Most of Apple’s iPhone suppliers are in China and Japan with roughly 330 and 150 respectively. Roughly 170 suppliers are in other Asian countries – South Korea, Taiwan, Malaysia, Philippines, Thailand, Singapore, and Vietnam. 75 of Apple’s iPhone suppliers are in the United States. The suppliers in Asia include Samsung, Sony, Sharp, TDK, Toshiba, Wages are increasing in China and Taiwan, driving up the cost of labor. Wages are projected to rise as much as 10%. Foxconn and Pegatron, the companies responsible for assembling the iPhone 5S and 5C hired 130,000 workers for the assembly of the iPhone 6 with Foxconn hiring 100,000 workers and Pegatron gaining 30% of orders. While iPhone 6 production boosts the Chinese and Taiwanese economies while allowing Apple to produce iPhones at a lower cost, rising wages loom as a threat on the horizon that can push production elsewhere or make future iPhones more expensive. This is more of a mid- to long-range threat at the moment as Apple’s suppliers are currently preparing for the production of 80 million iPhone 6 units.
The iPhone 6 & 6 Plus: Eighth Generation
In April, Apple faced delays with iPhone 6 Plus production as the company tried to source new, thinner, lighter batteries that did not compromise battery power. Later, in August, a month before the launch of the iPhone 6, the backlights of the display had to be changed, disrupting production of the display panels.
The first iPhone 6 orders were shipped from China to the United States by air for delivery to customers by the end of the day on September 19, the launch date for the new phone. They were shipped less than one week after the official announcement of the iPhone 6 and shipping notifications are already being delivered notifying customers that their phones will arrive by the end of the day on September 19. However, for many other customers, iPhones will not be delivered for at least a month after ordering due to record demand which exceeds the preorder supply – 4 million were ordered in the first 24 hours. Foxconn is facing a great challenge in meeting customer demand even though they are producing over 400,000 iPhone 6 and 140,000 iPhone 6 Plus devices per day.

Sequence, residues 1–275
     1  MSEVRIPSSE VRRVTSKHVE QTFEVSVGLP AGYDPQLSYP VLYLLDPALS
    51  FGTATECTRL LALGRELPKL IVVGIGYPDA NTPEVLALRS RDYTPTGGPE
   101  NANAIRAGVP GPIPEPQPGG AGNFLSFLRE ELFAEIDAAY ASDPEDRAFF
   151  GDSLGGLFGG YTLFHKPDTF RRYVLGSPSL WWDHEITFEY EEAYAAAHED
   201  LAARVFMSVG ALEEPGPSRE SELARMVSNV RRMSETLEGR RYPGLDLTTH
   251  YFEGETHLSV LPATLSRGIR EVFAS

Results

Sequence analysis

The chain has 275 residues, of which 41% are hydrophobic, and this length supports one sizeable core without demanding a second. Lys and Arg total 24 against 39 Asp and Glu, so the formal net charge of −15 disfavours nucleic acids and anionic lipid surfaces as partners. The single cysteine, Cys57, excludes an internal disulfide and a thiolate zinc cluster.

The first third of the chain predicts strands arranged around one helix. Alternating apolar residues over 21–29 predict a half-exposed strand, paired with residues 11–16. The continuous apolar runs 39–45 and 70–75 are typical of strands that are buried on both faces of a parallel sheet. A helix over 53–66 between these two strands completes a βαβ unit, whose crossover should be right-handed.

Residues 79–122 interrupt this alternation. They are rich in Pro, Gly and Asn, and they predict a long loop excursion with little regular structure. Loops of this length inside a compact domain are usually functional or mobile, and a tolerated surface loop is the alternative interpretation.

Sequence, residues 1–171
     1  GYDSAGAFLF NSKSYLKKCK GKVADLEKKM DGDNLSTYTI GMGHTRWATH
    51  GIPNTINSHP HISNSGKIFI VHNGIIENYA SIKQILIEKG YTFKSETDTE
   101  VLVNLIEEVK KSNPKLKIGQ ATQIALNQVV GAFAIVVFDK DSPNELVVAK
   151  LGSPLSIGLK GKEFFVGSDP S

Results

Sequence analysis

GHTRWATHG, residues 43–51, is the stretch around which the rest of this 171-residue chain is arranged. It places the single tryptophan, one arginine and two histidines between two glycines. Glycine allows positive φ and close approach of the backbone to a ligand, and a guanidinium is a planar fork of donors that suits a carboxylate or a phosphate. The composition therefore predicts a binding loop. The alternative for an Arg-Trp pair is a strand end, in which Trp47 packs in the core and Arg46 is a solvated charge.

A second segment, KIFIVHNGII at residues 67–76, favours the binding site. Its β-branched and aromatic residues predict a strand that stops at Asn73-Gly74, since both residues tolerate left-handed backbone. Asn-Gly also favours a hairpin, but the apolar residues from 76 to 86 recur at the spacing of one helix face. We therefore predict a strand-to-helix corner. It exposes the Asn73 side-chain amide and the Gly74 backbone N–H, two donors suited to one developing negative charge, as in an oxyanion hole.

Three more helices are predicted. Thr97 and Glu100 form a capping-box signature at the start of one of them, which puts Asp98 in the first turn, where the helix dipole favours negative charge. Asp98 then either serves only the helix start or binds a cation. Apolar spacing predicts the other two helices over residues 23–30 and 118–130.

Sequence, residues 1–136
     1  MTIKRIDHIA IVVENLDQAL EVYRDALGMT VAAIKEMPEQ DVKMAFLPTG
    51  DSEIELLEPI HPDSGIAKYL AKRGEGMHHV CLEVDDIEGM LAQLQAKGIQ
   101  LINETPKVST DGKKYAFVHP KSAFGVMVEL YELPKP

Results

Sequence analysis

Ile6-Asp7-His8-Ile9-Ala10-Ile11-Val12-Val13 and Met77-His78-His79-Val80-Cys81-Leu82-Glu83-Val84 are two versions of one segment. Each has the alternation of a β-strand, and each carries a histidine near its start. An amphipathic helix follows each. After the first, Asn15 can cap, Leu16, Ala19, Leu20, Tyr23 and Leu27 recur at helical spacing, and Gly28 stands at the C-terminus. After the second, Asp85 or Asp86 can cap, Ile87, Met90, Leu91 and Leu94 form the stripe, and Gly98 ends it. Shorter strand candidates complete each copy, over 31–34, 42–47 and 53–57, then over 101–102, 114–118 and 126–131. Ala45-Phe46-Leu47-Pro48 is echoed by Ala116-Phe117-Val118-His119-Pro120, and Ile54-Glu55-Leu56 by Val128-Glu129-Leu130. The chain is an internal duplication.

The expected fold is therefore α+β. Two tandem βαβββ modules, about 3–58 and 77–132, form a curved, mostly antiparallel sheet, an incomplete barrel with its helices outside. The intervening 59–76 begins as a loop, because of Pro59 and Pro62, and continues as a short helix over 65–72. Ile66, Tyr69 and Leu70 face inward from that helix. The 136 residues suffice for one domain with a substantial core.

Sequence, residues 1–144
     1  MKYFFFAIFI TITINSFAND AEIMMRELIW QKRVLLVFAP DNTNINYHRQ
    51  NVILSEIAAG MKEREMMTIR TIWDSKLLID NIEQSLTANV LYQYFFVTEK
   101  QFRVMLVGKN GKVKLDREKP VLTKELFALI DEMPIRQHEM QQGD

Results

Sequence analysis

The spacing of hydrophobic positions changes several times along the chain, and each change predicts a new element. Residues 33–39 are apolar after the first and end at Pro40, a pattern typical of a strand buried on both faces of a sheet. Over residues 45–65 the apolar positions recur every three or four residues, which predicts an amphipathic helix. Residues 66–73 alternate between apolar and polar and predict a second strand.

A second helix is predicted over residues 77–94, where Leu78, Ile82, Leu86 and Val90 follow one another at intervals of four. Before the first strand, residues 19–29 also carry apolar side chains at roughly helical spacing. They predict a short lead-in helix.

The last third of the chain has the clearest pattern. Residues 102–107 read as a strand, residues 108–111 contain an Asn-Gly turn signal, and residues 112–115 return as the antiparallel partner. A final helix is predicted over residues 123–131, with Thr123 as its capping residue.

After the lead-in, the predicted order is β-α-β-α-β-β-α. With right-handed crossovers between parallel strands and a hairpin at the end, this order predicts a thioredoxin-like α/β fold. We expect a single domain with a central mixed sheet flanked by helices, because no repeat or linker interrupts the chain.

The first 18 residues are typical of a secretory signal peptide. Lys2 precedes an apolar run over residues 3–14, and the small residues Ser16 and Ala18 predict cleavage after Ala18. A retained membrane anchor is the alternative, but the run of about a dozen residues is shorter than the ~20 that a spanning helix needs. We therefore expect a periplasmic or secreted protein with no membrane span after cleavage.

The iPhone 6 was released in the United States along with 20 other countries. China is not on the list. Whether due to Chinese government restrictions or lack of supply, China will have to wait to receive Apple’s newest phone. This highlights an issue with the supply chain. It is subject to government forces which are concerned with security or can work to promote domestic production OR not enough phones were manufactured for pre-order supply. Foxconn, the company manufacturing all of Apple’s iPhone 6 Plus devices and a majority of the iPhone 6 devices, is unable to keep up with demand. The iPhone 6 is facing delays entering one of the world’s largest markets at a time when the competition is growing – all due to an issue in the supply chain.
The challenges faced by Apple are the challenges faced by many companies. Manufacturing quality products across global supply chain networks in a cost-effective way requires state-of-the-art supply chain solutions and technology – from racks to analytics software. These solutions and technology are necessary to transform global supply chain networks across all industries.
Connect with MHI to find providers of solutions and products for your supply chain.